17. Salmonberry

    Salmonberry Registered Nut

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    I agree with the posts that consider this to be a little exclusive. We can't even agree on a working definition of "homesteading." There are many degrees to this concept. I respect ANYONE who attempts to live life more simply, or wants to make some attempt to "get back to the land."

    I will probably never live up to your idea of a "homesteader," even though we live a long way from town, off grid, are in the process of building our own home without septic or plumbing, are raising our own poultry and rabbits and have a large garden to feed ourselves and offset some animal feed. I grind my wheat for bread and I do dishes without a dishwasher. I know, though, that that will NEVER BE ENOUGH for some people. It is, however, as close as I will get to actually being a "homesteader." I don't care if I ever achieve that label.

    Salmonberry
     
  18. bostonlesley

    bostonlesley Guest

    I have friends who have paid $50K an ACRE (yes you read correctly) for land in Eastern PA..Lancaster County..now why did they do that? They could have bought tons of great land elsewhere certainly..no doubt.. and kept about $325K in their pockets, be financially secure for the next 30+ years, etc. etc. etc. Are they "nuts" or what? I choose "or what"..

    Their roots are in Lancaster County PA and have been for 7 generations. All of their family and friends are there. That is where they choose to live and to someday die..to be buried in the same cemetary which holds the earthly remains of great-great grandparents..To be able to take their grandchildren's hands and say "Look here..this is the tree where Grandma and I had a picnic one day and I proposed to her."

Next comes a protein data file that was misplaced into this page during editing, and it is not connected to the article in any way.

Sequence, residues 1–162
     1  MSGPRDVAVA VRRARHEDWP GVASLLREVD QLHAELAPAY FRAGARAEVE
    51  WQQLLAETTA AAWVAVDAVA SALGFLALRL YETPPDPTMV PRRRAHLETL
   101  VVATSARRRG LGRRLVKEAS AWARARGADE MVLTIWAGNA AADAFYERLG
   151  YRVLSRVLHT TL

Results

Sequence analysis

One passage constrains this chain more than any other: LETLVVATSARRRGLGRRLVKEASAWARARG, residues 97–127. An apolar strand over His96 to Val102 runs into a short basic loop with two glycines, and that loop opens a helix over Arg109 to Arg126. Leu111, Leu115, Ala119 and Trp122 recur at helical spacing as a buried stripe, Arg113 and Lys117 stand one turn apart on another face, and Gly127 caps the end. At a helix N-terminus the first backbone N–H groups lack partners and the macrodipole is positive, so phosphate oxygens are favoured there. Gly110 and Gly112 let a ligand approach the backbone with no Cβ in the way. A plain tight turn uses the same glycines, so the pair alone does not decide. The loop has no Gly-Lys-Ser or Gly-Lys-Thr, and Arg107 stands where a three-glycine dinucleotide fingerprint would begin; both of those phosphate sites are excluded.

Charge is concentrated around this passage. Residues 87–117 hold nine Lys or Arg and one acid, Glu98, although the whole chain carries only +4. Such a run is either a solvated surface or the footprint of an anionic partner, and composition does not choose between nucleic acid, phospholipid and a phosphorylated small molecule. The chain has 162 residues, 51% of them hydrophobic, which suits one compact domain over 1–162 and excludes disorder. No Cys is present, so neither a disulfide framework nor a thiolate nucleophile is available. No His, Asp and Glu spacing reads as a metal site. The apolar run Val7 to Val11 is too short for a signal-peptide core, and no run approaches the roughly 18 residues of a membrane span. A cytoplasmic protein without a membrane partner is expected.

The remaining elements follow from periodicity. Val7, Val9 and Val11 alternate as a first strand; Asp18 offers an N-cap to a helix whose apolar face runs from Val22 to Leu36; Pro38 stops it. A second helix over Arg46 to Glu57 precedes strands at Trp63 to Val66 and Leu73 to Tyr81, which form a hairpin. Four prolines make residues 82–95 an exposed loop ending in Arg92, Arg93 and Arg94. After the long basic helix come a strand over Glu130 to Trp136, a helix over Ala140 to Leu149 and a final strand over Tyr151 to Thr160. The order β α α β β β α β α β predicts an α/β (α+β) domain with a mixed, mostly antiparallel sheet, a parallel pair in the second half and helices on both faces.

Their entire HUGE extended family gathers together often for birthdays, weddings, funerals..it's quite something to see. You just cannot put a price tag on it.
    For someone such as myself who has had a virtual gypsy life and a family scattered to the 4 winds, I am in awe of them.
    They certainly are "homesteaders" in every sense of the word..
     
  19. jnap31

    jnap31 garden guy

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  20. emulkahi1

    emulkahi1 Well-Known Member

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    Obser--

    It would be my guess that, in this day and age, if someone asked 100 individuals how they defined the "homesteading" lifestyle, one would probably get almost as many different answers. I think technically, a "homesteader" is a person that settles and cultivates land. That definition does not involve an individual's (or family's) frugality, additional jobs (in addition to the cultivation of the land, that is), original cost of the land, or any of that.

    It is true that other's might not live up to my own extrapolation of the word "homesteading". But then, it is just as likely that my choices are inconsistent with THEIR definition of the same word.

    Who is to judge who is more right?

    As for why people might make the choice to "homestead" in an area where land prices are significantly higher....Well, I agree with those that have said that, for many people, there are many other contributing factors (besides just the per acre cost of land) for choosing a particular area to "homestead". Proximity to family is a often a significant consideration, as is the desire to live in a particular area. For example, Jim and I would love to live in Seward, AK. But land is very expensive there. It is true that there are many areas here in central MT where we could have (much) more acreage for less money...but then we would be trading a dry, arid, windy and (relatively) flat environment for Seward's lush, mountainous, ocean-front location.

    Is the trade-off worth it? Well, only those that will be living in the particular area, and paying the bills can answer that question. It might not be worth it to you. But, that does not mean it wouldn't be to someone else. And, of course, their reasons for making their choices are as valid as your reasons for making your own life choices...or mine for my own life, etc.

    Anyway, just my own two cents :).

    Erin